Founder of Irish-based Full Tilt Poker pleads guilty to fraud

Raymond Bitar ordered to forfeit $40 million after he pleaded guilty to two counts in Manhattan federal court yesterday

A US court yesterday ordered Raymond Bitar, founder of Irish-based Full Tilt Poker, to forfeit $40 million after he pleaded guilty to offences related to illegal gambling and fraud.

Bitar was chief executive of Full Tilt Poker, whose main operations were based in Dublin, and whose new owner, PokerStars, had to pay $730 million to clients as part of a rescue deal last year.

Online gambling
Bitar was one of 11 people charged by the US government in April 2011 in connection with the online gambling sites Full Tilt Poker, PokerStars and Absolute Poker.

He was arrested New York’s John F Kennedy International Airport on his return to the US from Ireland last July.

The same day US attorney Preet Bharara named him in a revised indictment alleging he and another man used funds from online players to finance Full Tilt's operations and pay its owners, a charge to which he pleaded not guilty.


However, appearing by video link from California, Bitar yesterday pleaded guilty to two counts in Manhattan federal court. He was sentenced yesterday to time served and ordered to forfeit $40 million.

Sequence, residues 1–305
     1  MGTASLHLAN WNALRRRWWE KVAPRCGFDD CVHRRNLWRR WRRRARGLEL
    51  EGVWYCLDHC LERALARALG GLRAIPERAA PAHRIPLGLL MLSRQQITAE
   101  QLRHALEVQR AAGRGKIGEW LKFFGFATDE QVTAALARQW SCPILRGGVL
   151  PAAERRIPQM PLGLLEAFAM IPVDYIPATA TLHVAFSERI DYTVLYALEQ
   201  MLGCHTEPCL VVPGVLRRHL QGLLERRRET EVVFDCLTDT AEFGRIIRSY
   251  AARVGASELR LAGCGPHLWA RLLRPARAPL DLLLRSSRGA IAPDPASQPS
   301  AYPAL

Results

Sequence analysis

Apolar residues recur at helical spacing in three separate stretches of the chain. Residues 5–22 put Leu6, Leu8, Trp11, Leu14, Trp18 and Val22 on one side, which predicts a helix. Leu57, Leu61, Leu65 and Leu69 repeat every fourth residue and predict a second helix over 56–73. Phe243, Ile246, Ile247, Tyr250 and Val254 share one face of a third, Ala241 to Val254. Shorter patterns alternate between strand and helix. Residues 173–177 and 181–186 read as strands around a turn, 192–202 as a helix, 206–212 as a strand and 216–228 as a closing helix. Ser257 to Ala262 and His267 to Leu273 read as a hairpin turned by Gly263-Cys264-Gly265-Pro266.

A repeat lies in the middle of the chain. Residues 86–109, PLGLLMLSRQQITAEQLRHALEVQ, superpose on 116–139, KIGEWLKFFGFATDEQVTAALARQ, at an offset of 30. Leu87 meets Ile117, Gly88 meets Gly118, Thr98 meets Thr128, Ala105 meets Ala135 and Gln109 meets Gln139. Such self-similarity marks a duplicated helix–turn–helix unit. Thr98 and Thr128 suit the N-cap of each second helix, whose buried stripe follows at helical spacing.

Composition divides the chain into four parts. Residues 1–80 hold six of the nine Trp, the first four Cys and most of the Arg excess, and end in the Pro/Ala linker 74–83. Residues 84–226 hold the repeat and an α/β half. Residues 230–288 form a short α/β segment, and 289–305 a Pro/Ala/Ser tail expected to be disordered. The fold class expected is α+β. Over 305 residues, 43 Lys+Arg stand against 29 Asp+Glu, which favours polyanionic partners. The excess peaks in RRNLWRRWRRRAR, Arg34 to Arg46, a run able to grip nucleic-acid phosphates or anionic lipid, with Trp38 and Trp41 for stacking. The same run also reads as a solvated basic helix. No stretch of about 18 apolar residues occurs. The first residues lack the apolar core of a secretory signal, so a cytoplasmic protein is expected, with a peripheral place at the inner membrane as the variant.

John F Baughman, his lawyer, had told US district judge Loretta Preska last week that both sides were discussing a deal that would allow Bitar to avoid prison and obtain a heart transplant. At yesterday's hearing, his lawyer told the judge that Bitar would enter a heart-transplant programme on May 6th.

Money laundering
Bitar was originally charged with gambling, bank fraud and money-laundering in connection with his operation of Full Tilt Poker. The group's marketing and services hub, which traded as Pocket Kings, employed over 200 people in Cherrywood, Dublin.

Bitar was a director of the Irish companies, also named in civil complaints filed in the US and settled last August.

Prosecutors claimed in an indictment that he defrauded poker customers by lying to them about the security of the funds in their accounts. They said Bitar promised clients their funds were protected in segregated accounts, whereas Full Tilt used them to pay the chief executive and the company’s owners more than $430 million. The company owed US players $350 million, the indictment said.

Online gambling was illegal in the US at the time that original charges were made against Bitar and other executives in 2011. Full Tilt’s problems meant it lost its gambling licence in 2011, forcing it to cease trading and lay off large numbers from Cherrywood.

PokerStars took over the business last year, and relaunched the brand after repaying clients.The company now employs between 175 and 200 people in Cherrywood. – Additional reporting: Bloomberg

Barry O'Halloran

Barry O'Halloran

Barry O’Halloran covers energy, construction, insolvency, and gaming and betting, among other areas